IT was hoped by the ecclesiastical and civil authorities that Rizal’s life would end with his death in Bagumbayan. But from the day of his execution to this day, Rizal has been in this country a living issue and often a burning one – the soul of contention between Catholics and freethinkers, a bone for the tug of war between church and state in the control of education, and the subject of bitter debate over the authenticity or fraudulence of his supposed retraction of his words and deeds.
It is sickening that so selfless and splendid a death as Rizal’s was followed by so much falsehood and controversy. But this has been Rizal’s peculiar fate, and perhaps finally his triumph. He was so formidable opponents had to lie about him, even when he was already dead and buried.
An ecclesiastical fraud
The morning after the execution of Jose Rizal, the newspapers of Manila and Madrid recorded the event, and announced that on the eve of his death Rizal retracted his religious errors, abjured freemasonry, and in the last hours of his life had married Josephine Bracken.
In most newspapers the text of a letter of retraction supposedly written by Rizal was printed in full. The government sent the announcement to Spanish consulates abroad with the request to obtain for it the widest possible publicity.
Those who had read Rizal’s books or who knew him closely and admired him, both in the country and abroad, took one look at the announcement and declared it “an ecclesiastical fraud.”
In a letter to Ferdinand Blumentritt shortly after the execution, Fredrich Stahl, a Manila pharmacist, wrote: “On the day of the execution, the Spaniards published an article in all the local papers, according to which, Rizal, in a written declaration made by him on the day of his death, retracted all his writings and deeds and proclaims himself to be a repentant sinner and a loyal Spaniard. But nobody here believes this, as the Spaniards publish the same thing about everyone who is shot. Besides, nobody has ever seen his written declaration…It is in the hands of the archbishop.”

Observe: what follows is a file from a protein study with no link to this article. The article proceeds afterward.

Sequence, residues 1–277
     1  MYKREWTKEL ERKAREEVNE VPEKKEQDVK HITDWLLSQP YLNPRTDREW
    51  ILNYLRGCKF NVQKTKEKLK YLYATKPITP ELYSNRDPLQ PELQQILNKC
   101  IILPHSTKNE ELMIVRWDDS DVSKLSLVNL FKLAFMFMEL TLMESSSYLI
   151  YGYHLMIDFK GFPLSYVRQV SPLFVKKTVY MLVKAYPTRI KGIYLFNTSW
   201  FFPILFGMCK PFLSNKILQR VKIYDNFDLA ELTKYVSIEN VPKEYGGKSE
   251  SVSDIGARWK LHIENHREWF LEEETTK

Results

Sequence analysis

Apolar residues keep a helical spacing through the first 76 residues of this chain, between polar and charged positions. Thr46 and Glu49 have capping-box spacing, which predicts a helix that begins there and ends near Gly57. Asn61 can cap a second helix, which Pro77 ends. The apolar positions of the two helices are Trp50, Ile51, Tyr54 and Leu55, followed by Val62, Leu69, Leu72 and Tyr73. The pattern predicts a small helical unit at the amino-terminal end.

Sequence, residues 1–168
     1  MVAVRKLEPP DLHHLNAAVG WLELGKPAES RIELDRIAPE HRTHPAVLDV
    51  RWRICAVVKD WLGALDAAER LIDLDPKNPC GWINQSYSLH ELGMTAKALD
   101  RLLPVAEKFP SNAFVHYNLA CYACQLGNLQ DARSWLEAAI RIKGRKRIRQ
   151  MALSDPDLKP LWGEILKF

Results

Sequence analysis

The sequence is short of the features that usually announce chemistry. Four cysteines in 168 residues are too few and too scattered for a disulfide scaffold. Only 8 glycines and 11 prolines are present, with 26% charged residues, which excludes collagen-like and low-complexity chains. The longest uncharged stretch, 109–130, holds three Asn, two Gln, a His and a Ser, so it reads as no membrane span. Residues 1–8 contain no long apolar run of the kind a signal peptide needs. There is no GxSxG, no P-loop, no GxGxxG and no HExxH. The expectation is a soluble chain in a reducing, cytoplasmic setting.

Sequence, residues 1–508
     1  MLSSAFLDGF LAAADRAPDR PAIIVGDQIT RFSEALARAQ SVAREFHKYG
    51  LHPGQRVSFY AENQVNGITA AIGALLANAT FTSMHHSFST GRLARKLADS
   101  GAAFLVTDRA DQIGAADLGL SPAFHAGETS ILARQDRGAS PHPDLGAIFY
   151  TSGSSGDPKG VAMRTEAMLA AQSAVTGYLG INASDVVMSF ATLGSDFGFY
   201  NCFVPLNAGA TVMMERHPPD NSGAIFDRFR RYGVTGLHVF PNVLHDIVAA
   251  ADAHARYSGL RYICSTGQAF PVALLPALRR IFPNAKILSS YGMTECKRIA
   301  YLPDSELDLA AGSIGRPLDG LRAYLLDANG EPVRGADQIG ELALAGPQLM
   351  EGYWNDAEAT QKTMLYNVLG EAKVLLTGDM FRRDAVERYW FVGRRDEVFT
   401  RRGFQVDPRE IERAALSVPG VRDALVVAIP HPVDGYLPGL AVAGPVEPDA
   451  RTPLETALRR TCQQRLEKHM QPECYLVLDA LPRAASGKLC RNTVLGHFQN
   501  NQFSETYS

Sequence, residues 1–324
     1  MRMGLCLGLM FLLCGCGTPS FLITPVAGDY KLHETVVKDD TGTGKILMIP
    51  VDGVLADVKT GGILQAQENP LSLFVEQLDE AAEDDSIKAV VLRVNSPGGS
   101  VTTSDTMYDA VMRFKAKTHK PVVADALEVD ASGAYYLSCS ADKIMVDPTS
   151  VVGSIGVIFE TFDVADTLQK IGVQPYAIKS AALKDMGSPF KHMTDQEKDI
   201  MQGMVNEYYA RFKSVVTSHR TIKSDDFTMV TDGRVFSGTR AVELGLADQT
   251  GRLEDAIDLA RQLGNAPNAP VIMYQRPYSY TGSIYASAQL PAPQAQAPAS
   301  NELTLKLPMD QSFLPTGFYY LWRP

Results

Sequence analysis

Was there a plot among the higher ecclesiastical authorities to perpetrate a fraud?
There was certainly no signed letter of retraction, a contradiction in itself for a man so strong in conviction as Rizal. There was also no marriage with Josephine Bracken, although they did live together during his exile in Dapitan.
Rizal himself believed that there was a strong likelihood of fraud after his death, and that the prime mover in this would be the friar archbishop. It was the friars who were zealously seeking his retraction. They even came up with several retraction formulas for him to sign.
Rizal’s intuition of fraud was not misplaced; what played him false was the involvement of his mentors, the Jesuits, who took part in the effort to make him retract and return to the Catholic faith.
Jesuit vouches for Rizal’s retraction
It was solely one Jesuit priest, Vicente Balaguer,S.J, who laid the basis for the story that Rizal retracted his words and deeds. It was also he who made the claim that he married Jose Rizal and Josephine Bracken at 6.15 a.m. on December 30, just minutes before Rizal was executed.
In the final chapters of his biography of Rizal, Austin Coates totally demolishes the veracity of Balaguer’s claims, which were made the basis of the archbishop’s announcement of a retraction, and which were also contained in a letter from Balaguer to his Jesuit superior, Fr. Pio Pi.